Briefs: Spirits check in at Richmond hotel
The Linden Row Inn, a 70-room boutique hotel carved out of seven graceful, historic Greek Revival townhouses in the heart of downtown Richmond, is an old, antique-filled property, with enormous 12-foot-ceilinged rooms and winding staircases that list charmingly toward the banisters.
It’s just the sort of place where you easily can imagine encountering a spectral vision in crinoline in an upstairs hallway or floating on the long, romantic veranda on a moonless night. It does, in fact, have an Edgar Allan Poe connection.
According to hotel literature, young Poe lived across the street for a time with his adoptive parents, in the home of one Charles Ellis, and spent happy hours frolicking among the flowers with the Ellis children. Years later, the story goes, he memorialized this childhood playground as the “enchanted garden” in his mournful1848 poem “To Helen.”
Nobody says Poe’s ghost still is hanging around, but, surely, the inn has something supernatural to offer. There were slave quarters in the back, and a succession of girls’ schools pre- and post-Civil War, one run by the widow of a Confederate general.
The Linden Row Inn is at 100 E. Franklin St., Richmond. Rooms start at $119. Continental breakfast is included.
Details: 800-348-7424 or www.lindenrowinn.com .
At some point early in life, perhaps, when looking at a world map, we realize that we cannot possibly go to every place in the world.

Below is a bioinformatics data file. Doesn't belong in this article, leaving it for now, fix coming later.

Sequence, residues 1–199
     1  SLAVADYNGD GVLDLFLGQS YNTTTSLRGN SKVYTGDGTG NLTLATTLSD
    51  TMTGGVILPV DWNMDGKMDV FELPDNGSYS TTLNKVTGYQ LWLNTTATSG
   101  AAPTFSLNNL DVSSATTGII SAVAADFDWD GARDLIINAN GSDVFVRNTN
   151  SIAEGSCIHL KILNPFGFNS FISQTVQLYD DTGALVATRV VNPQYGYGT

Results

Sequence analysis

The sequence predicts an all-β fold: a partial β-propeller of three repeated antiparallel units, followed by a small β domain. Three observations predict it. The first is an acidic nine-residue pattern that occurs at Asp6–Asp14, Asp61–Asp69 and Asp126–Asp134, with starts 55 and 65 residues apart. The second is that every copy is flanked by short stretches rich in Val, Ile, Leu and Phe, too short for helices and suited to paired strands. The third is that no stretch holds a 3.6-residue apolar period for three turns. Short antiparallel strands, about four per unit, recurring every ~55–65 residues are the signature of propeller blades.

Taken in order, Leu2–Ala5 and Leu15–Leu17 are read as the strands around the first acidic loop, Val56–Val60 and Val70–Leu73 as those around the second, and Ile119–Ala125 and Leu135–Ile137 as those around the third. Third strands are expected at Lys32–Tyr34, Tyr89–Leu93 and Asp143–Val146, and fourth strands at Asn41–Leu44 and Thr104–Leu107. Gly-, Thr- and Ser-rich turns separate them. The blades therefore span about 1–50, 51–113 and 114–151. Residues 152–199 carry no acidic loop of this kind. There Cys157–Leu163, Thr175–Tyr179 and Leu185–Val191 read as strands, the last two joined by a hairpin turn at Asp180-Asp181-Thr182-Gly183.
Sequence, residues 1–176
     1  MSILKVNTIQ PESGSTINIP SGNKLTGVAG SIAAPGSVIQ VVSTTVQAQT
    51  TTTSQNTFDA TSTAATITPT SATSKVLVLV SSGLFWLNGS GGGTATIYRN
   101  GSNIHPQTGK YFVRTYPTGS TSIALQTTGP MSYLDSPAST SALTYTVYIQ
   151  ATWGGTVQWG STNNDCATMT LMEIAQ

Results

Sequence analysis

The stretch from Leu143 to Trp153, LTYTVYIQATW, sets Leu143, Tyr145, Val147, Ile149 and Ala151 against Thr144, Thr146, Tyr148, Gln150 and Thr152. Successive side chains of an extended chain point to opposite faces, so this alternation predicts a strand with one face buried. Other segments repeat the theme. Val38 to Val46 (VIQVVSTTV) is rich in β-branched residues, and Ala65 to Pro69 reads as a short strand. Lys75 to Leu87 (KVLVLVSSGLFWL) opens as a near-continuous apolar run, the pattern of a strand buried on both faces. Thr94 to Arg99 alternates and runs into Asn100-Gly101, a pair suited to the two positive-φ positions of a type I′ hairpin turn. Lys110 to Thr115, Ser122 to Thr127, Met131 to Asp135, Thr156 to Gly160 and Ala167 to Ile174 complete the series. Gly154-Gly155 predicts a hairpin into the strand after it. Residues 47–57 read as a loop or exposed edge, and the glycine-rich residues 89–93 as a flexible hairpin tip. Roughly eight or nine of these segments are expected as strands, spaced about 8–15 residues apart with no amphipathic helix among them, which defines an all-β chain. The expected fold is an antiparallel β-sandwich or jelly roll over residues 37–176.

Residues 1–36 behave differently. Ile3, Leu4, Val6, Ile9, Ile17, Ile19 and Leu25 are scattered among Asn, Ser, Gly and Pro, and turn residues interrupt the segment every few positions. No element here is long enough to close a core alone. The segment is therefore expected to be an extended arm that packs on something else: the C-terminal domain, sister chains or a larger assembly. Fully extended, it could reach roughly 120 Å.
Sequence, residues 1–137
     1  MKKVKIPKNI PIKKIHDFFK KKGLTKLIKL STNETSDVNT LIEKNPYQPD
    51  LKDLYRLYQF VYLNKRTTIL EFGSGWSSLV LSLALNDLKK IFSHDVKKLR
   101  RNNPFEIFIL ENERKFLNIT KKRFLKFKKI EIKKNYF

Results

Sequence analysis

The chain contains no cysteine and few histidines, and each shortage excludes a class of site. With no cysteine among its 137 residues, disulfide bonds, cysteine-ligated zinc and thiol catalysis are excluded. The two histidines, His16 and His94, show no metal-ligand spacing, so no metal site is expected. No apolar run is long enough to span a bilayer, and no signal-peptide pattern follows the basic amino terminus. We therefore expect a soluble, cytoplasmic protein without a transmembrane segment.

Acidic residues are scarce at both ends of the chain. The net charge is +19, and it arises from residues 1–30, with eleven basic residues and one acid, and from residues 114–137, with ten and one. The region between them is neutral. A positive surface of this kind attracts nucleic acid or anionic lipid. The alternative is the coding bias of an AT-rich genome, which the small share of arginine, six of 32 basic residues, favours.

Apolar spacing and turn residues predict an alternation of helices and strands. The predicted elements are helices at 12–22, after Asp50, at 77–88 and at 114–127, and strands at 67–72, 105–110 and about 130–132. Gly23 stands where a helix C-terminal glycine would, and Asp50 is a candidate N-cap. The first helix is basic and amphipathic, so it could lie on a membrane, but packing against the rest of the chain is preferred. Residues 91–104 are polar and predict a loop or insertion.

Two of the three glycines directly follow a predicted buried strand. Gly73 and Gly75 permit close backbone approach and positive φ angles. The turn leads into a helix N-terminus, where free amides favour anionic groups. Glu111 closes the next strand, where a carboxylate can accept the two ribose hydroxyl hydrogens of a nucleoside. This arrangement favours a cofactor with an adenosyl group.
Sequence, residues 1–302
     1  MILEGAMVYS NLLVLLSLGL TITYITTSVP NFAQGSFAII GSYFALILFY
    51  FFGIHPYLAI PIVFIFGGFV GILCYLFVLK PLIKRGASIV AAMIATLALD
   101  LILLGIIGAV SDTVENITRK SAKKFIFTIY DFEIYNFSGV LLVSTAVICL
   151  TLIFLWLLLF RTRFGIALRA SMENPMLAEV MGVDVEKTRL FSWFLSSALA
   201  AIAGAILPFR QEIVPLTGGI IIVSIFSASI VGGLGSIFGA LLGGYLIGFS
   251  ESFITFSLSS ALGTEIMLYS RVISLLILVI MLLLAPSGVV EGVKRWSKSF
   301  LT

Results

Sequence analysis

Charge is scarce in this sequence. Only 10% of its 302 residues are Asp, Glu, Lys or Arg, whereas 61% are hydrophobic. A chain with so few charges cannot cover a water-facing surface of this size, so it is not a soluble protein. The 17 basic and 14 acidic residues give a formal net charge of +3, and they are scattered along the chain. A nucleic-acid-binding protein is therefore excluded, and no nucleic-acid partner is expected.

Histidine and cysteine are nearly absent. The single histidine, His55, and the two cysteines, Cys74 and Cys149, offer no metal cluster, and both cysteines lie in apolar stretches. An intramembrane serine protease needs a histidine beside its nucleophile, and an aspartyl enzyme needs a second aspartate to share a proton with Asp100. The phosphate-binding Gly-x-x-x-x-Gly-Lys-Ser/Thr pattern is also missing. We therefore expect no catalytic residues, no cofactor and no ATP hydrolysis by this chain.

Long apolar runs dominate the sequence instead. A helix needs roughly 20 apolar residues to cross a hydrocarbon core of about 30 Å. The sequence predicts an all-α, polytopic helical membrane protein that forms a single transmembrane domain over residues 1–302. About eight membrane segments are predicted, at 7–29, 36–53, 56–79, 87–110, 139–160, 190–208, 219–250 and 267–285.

Judith Schalansky grew up in East Germany loving atlases that seem to suggest the Earth is an infinite place. To Schalansky, an atlas, which many of us take for granted, is a neglected form of poetry.
“Atlas of Remote Islands” is the anti-guidebook. Schalansky writes about places she never has set foot in. Instead, she “visits” 50 islands around the world. Some of them are world-famous (Easter Island, Pitcairn Island, Iwo Jima), and some, like the aptly named Lonely Island in Russia, have no inhabitants at all.
There is a haunting quality to the text that is reflected by the stories the author tells. Franklin Island in the Antarctic Ocean, for example, is named after Sir John Franklin, the 19th-century polar explorer who never returned from his ill-fated voyage to find the elusive Northwest Passage. Other islands reside in the thin line between the imagination and reality. More than 600 people might live on the Chilean island of Robinson Crusoe in the Pacific, but it is named after the famous literary figure rather than the real-life castaway, Alexander Selkirk, who is said to have inspired Crusoe creator Daniel Defoe. (Penguin; $28; 144 pages; hardcover)
Two Swiss tourists who chose the Maldives’ white-sand beaches as the setting to renew their marriage vows were instead mocked by the officiator, who chanted abuse and curses in the local language at the unsuspecting couple.
The ceremony, posted on YouTube with English subtitles translating the abuse, has embarrassed the Maldives, and President Mohammed Nasheed condemned it as “absolutely disgraceful.” Police arrested the celebrant and a helper — an apparent damage-control bid for the country whose economy is driven by tourism. Police spokesman Ahmed Shiyam says that the two men under arrest were hotel employees.
The government identified the couple as Swiss nationals but did not name them. The video shows the woman in a white dress and the man wearing a white shirt and khaki trousers, standing with their palms facing upward around a table with two rings in coconut shells. Two witnesses and the celebrant also are present, all of them in a palm-leaf enclosure. The officiator begins chanting in the Dhivehi language that “under penal code clause seven, forbidden fornication is now legal,” and goes on to insult the couple, including calling them “swine.” The Maldives is an Indian Ocean archipelago of 350,000 people chosen by many tourists for weddings and honeymoons.